11P - Optimal duration of cardiac monitoring in metastatic HER2 positive breast cancer patients receiving trastuzumab

Date 08 May 2014
Event IMPAKT 2014
Session Welcome reception and Poster Walk
Topics Anti-Cancer Agents & Biologic Therapy
Breast Cancer, Metastatic
Presenter Kevin Chiu
Citation Annals of Oncology (2014) 25 (suppl_1): i4-i4. 10.1093/annonc/mdu064
Authors K. Chiu1, S. Dubey2, D. Bull1
  • 1Clinical Oncology, Derriford Hospital, PL6 8DH - Plymouth/UK
  • 2Dept Of Clinical Oncology, Derriford Hospital, PL68DH - Plymouth/UK



Cardiac toxicity is a well-recognised side effect of trastuzumab. NICE UK recommends 3-monthly cardiac function assessments during adjuvant trastuzumab treatment in early breast cancer. However, there is a lack of consensus or established guidance for the duration of cardiac monitoring in advanced breast cancer patients receiving palliative trastuzumab.


The purpose of this retrospective study was to assess the optimal use of cardiac assessments during trastuzumab therapy for patients with metastatic HER2 positive breast cancer.


239 patients received trastuzumab in our centre between Jan 2008 and Dec 2012. 61 of these were metastatic breast cancer patients, who received palliative trastuzumab in combination with chemotherapy or anti-oestrogenic hormonal treatment. These patients' baseline and serial left ventricular ejection fraction readings with transthoracic echocardiograms were noted. Their risk factors for cardiac toxicity, as well as the events leading to cardiac toxicity, were identified from hospital records.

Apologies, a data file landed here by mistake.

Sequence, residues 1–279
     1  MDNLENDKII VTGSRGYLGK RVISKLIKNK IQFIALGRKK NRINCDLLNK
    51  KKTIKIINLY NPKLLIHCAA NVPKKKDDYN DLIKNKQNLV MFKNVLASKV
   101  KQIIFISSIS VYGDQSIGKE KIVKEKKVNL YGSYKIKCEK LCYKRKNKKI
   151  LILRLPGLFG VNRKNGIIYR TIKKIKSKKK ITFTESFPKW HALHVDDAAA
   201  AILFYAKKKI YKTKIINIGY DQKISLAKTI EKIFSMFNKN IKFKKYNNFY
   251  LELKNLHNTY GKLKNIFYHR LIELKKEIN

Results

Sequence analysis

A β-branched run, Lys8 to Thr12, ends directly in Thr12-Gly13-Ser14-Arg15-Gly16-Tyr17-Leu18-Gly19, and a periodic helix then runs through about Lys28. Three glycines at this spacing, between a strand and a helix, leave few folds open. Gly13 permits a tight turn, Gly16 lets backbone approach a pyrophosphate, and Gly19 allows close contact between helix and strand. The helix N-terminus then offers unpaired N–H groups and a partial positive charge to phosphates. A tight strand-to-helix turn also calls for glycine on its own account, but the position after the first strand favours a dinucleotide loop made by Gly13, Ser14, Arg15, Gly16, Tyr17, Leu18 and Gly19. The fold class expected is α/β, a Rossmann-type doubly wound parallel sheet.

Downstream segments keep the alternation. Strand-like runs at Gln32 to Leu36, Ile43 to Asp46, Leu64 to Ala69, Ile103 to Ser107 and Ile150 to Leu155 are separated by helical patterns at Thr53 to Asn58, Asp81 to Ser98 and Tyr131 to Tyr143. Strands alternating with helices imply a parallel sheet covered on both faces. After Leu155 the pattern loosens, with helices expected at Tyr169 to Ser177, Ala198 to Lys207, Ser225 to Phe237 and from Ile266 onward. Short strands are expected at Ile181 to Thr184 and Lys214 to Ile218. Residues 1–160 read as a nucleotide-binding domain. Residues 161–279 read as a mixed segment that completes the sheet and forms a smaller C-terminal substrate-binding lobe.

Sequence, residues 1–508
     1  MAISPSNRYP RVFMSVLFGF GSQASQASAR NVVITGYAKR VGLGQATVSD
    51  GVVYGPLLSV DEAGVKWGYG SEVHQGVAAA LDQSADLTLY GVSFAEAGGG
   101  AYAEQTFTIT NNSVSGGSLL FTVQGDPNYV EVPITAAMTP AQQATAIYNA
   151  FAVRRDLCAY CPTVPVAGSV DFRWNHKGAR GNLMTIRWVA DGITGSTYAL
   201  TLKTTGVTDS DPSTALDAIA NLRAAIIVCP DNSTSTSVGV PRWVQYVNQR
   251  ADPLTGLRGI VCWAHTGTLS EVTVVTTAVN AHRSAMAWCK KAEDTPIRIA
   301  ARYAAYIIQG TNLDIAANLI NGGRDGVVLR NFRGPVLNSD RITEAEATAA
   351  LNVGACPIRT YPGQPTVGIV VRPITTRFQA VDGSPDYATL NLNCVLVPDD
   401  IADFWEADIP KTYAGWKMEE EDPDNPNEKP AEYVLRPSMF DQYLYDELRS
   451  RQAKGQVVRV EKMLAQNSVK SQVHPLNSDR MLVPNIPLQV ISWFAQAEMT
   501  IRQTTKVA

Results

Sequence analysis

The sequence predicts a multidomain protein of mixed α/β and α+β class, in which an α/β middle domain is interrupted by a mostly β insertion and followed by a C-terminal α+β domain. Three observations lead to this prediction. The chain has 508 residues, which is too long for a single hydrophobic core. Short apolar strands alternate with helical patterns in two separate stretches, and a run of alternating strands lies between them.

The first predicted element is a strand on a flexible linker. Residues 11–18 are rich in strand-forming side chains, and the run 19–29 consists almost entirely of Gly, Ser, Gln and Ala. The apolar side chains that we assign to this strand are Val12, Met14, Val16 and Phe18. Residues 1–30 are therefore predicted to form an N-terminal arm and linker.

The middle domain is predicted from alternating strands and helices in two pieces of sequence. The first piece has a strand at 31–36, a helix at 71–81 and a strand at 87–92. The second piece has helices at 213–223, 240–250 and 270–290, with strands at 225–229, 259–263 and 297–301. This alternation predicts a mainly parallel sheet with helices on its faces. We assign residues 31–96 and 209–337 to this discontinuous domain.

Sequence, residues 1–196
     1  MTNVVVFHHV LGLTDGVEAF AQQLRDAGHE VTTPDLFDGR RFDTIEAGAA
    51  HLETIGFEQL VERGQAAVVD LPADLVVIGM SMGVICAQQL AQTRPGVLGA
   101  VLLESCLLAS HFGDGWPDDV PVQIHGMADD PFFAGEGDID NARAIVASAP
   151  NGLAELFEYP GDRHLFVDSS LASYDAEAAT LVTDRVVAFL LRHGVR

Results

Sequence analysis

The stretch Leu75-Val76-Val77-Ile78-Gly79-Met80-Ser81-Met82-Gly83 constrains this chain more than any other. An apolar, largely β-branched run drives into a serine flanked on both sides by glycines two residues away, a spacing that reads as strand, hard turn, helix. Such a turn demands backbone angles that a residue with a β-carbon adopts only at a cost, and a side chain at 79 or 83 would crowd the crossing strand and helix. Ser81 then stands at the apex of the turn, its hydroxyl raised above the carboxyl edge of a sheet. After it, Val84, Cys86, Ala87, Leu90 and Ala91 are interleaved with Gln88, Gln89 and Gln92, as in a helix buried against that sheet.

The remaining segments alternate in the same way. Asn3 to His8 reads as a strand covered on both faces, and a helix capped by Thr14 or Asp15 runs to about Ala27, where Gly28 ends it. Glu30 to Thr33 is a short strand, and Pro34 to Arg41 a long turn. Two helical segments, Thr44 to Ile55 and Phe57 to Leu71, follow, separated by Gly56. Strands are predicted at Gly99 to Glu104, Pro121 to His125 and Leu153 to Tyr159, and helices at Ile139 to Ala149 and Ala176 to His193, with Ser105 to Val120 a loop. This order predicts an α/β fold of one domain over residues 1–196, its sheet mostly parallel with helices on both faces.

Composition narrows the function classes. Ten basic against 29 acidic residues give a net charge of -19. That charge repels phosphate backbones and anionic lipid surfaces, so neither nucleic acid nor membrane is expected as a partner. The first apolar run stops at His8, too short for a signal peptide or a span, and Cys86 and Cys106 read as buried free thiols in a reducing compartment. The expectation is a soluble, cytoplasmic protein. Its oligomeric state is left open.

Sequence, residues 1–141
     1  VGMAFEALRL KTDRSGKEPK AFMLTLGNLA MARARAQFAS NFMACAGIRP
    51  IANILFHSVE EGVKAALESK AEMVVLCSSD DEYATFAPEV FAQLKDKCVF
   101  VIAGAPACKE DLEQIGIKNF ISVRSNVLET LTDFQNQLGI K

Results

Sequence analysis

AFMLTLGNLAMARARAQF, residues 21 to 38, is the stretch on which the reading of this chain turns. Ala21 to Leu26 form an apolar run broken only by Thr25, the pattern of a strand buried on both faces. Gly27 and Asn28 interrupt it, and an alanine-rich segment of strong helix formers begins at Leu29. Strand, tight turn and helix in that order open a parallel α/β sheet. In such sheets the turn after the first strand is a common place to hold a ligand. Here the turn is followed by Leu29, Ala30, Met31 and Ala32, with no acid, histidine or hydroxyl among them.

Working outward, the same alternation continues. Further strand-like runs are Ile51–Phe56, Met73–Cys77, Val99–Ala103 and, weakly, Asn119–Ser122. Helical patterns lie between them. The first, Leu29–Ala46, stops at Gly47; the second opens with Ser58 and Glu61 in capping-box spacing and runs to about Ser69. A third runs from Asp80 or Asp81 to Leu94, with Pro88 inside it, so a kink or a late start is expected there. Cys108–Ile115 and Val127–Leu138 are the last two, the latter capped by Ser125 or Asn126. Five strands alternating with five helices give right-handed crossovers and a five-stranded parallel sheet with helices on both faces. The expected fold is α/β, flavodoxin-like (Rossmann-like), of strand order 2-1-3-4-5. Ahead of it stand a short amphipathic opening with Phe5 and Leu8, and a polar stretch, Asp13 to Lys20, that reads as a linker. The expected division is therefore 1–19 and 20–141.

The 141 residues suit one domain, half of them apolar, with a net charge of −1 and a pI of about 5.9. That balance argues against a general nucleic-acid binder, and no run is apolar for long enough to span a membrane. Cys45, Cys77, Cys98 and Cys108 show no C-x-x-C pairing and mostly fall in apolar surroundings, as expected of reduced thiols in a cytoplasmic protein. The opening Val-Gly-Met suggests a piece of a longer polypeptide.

The total number of 3-weekly trastuzumab cycles delivered ranged from 3 to 151. 90% of all patients received regular 3-4-monthly cardiac monitoring with echocardiograms. 11 of the 61 patients (18%) needed interruption of treatment due to cardiac toxicity. The median number of cycles received by patients who had cardiac toxicity was 17, in contrast to 37 cycles in the cohort with no cardiac toxicity (p-value = 0.043). 8 of the 11 patients (72%) developed cardiac toxicity within the first 18 months and 9 (82%) within 24 months of the start of trastuzumab. Of these 11 patients, 8 recovered and were re-challenged with trastuzumab after a median of a 2-month interval. The number of patients with previous ischaemic heart disease (IHD) was significantly higher in the cohort of patients who developed cardiac toxicity. 3 out of 11 (27%) patients in the cohort who developed cardiac toxicity and 2 out of 50 (4%) patients in the non-toxicity cohort had a history of IHD (p-value = 0.037).


Based on our retrospective data, routine cardiac monitoring is recommended for at least 18-24 months.


All authors have declared no conflicts of interest.